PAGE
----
The 2016 Bahrain Grand Prix may not have had the drama of two years ago but it was an exciting race nonetheless and no thanks to the new qualifying format lest you felt compelled to suggest it played a role in the spicing up of the show.
Nico Rosberg continues his run of victories logging five in a row now and starting to bolster his bank account of world championship points. Mercedes failed to deliver a 1, 2 finish in Bahrain as Nico’s teammate, Lewis Hamilton, had a turn one collision with Williams F1 driver Valtteri Bottas that damaged both cars and left the 3-time champ struggling to play catch up and conservation for the rest of the race.
A win for Rosberg means that he’s in a position to mount a serious world championship run and with nearly 20 points lead, he’ll need to capitalize on the misfortune his teammate is experiencing if not the cob webs of winter with regards to Lewis’s poor starts.
Kimi Raikkonen’s poor start didn’t do him any favors but a second place finish in the absence of a missing Sebastian Vettel was the best he could hope for against a still-quicker Mercedes car. That makes 8 podiums for the Fin at the Bahrain GP.
Red Bull’s Daniel Ricciardo said before the race that he hoped to stay up front and pick up the pieces if anyone ahead of him should have trouble. That occurred on the formation lap as Ferrari’s Sebastian Vettel experienced a DNF with engine failure so the smiling assassin from Australia indeed to pick up a much deserved 4th in Bahrain.
A huge win for Haas F1’s Romain Grosjean who finished one spot higher than in Australia and will give Williams F1’s Pat Symonds even more to be upset with over their accused customer car business model. Haas F1 reversed their Australian strategy and read the tea leaves perfectly in Bahrain as the Super Soft tire was the one to be on and in the hands of a confident and fiercely quick Grosjean, the team scored big points. If there were any concerns about Romain leaving Lotus/Renault and going to Haas F1, I think we’ve answered those today.
Two drivers who also get a big win were Toro Rosso’s Max Verstappen and Red Bull’s Daniil Kvyat. Verstappen kept his head down and made a good strategy work for 6th place. Meanwhile, Kvyat had a stonking run from 15th (after a poor qualifying) and muscled his way back up to 7th in a re-badged Renault powered car.
Another huge win for McLaren’s Stoffel Vandoorne as he scored a championship point on his maiden race standing in for Fernando Alonso. While team boss Ron Dennis was lobbying at the eleventh hour—almost suggesting he had little confidence in his reserve driver—to get Alonso in the car, Vandoorne quietly scored points and that’s something his teammate Jenson Button couldn’t do as he DNF’d over technical issues on the car.
Another big win for Pascal Wehrlein who drove a magnificent race to 13th mixing it up with Saubers, Renaults and Force India cars. It can’t be overlooked just how special this young man is and what he achieved in a car that most likely didn’t belong in 13th.
Certainly Lewis Hamilton’s troubles with clutch bite points has let him down again. A slow start put in in position to be punted by Bottas and it’s two races on the trot that he’s struggled. While he claims the two races are separate incidents, it does seem that Hamilton is getting a slow start to the 2016 championship and if his starts were slightly better, he may be able to get his title defense back on track as he’s just a race win away from being back in the hunt and we know he doesn’t like losing to anyone…especially his teammate.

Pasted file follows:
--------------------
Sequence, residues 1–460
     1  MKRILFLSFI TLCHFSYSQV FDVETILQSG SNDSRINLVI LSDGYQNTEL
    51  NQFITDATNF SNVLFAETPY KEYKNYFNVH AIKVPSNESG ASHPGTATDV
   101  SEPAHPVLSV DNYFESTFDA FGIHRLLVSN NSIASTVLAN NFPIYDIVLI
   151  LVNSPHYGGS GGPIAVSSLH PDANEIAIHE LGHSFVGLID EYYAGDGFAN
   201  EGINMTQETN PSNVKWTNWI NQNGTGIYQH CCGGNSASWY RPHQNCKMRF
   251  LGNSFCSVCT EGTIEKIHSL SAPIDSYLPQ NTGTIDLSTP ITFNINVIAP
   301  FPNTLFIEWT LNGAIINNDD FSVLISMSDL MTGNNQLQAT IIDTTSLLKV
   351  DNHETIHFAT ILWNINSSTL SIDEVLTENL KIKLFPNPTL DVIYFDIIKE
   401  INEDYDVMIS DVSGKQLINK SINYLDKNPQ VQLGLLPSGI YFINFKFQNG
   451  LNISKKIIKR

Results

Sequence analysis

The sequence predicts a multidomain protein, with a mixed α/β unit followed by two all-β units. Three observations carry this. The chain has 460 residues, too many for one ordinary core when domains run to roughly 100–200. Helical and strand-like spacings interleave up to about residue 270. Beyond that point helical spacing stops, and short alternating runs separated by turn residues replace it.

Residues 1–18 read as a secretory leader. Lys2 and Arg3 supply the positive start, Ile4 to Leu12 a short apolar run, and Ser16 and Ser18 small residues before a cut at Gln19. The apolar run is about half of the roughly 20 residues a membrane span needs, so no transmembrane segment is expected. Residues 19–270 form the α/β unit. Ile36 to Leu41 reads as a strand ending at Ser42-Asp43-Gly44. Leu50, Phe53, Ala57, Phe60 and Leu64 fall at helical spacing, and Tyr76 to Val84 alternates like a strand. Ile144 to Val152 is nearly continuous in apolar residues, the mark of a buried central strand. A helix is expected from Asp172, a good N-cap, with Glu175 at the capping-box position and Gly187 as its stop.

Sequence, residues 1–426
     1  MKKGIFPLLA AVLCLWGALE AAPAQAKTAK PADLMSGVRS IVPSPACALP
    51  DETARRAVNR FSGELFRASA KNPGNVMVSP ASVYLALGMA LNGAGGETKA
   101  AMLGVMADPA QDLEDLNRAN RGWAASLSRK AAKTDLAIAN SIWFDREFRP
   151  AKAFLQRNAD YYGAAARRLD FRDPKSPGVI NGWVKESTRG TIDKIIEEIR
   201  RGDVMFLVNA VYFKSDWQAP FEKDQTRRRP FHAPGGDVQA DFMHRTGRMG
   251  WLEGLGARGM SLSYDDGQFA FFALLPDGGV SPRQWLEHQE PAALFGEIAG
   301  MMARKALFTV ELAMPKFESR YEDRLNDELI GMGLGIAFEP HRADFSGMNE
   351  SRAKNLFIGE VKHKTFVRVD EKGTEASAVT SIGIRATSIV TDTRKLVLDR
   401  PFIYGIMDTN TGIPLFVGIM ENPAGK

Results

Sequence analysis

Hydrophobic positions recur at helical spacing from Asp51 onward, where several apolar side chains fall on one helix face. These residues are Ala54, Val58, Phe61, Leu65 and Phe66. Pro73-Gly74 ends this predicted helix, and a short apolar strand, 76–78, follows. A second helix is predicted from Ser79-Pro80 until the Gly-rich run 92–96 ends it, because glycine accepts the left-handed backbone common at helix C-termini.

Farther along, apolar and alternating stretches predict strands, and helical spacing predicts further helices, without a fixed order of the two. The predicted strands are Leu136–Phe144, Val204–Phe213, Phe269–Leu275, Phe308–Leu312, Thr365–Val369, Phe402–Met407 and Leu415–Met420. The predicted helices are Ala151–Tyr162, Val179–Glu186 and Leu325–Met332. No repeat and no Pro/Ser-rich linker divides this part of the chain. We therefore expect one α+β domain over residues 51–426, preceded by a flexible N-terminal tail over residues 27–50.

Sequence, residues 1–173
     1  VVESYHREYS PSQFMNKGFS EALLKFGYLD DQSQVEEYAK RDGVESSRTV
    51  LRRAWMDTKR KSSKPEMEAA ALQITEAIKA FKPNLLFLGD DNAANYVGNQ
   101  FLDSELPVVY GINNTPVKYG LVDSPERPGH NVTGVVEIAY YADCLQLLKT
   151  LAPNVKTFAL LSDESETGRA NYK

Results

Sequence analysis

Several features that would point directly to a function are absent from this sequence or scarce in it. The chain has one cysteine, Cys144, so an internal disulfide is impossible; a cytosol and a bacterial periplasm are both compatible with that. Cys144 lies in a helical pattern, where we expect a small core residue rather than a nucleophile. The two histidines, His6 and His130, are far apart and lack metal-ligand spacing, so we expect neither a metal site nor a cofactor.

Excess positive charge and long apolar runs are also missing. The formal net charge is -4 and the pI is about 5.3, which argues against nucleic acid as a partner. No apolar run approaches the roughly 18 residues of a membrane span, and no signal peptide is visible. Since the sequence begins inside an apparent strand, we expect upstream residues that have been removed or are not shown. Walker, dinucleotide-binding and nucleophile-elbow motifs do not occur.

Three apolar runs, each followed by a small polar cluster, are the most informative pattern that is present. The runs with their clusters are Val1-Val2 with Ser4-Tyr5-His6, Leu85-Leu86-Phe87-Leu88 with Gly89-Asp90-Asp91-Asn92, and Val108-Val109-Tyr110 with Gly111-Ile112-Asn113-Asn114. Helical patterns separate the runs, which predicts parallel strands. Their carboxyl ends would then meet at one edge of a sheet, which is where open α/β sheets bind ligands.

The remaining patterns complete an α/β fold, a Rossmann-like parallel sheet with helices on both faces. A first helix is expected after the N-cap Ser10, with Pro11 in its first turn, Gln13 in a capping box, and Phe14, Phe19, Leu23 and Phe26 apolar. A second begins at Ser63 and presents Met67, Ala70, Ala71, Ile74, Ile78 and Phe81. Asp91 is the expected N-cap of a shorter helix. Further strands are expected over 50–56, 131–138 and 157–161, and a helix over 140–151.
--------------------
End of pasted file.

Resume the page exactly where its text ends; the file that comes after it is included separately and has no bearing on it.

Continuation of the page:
A fail for Ferrari and Sebastian Vettel as the team seemed poised to take the fight to Mercedes in the form of 4-time champ Vettel but that didn’t happen as the engine gave up the ghost on the formation lap and left a dejected Vettel relatively mum in press interviews. He wasn’t happy and nor should he be.
A fail for McLaren who had a veteran 3rd fastest in FP3 and yet left him stranded on track with a mechanical issue. McLaren may have two cars in the top ten or at least more points and with a relatively Spartan black car sans a title sponsor, that might come in handy.
A fail for Valtteri Bottas and his drive-through penalty. Was he being opportunistic in turn one? Perhaps but when you leave the door open, Bottas is going to take it and after all, isn’t that what Senna always said and what Lewis has always done?
For much of the race I was wondering what happened to Force India and Williams F1. I am lead to understand that Williams were nursing wounded cars and while that was relatively obvious on Bottas’s car, I was sure what Felipe Massa’s issues were. This is a team who finished 3rd in the constructor’s title the last two years and it seems they could be slipping further back which won’t do well for prize money earnings.
Force India may have been nursing damage on Sergio Perez as well as Nico Hulkenberg but to not have much of an answer for a Manor is a bit of a surprise for me. I’m certainly willing to admit that Pascal is the real deal, because he is, and that Manor is a new team but Nico’s qualifying performance suggested a much better result for the team.
|4||Daniel Ricciardo||Red Bull/TAG Heuer||23h26m25.s|
|6||Max Verstappen||Toro Rosso/Ferrari||23h26m25.s|
|7||Daniil Kvyat||Red Bull/TAG Heuer||1 Lap|
|8||Felipe Massa||Williams/Mercedes||1 Lap|
|9||Valtteri Bottas||Williams/Mercedes||1 Lap|
|10||Stoffel Vandoorne||McLaren/Honda||1 Lap|
|11||Kevin Magnussen||Renault||1 Lap|
|12||Marcus Ericsson||Sauber/Ferrari||1 Lap|
|13||Pascal Wehrlein||Manor/Mercedes||1 Lap|
|14||Felipe Nasr||Sauber/Ferrari||1 Lap|
|15||Nico Hulkenberg||Force India/Mercedes||1 Lap|
|16||Sergio Perez||Force India/Mercedes||1 Lap|
|17||Rio Haryanto||Manor/Mercedes||1 Lap|
|–||Carlos Sainz||Toro Rosso/Ferrari||Retirement|
|–||Sebastian Vettel||Ferrari||Not started|
|–||Jolyon Palmer||Renault||Not started|
|3||Red Bull/TAG Heuer||30|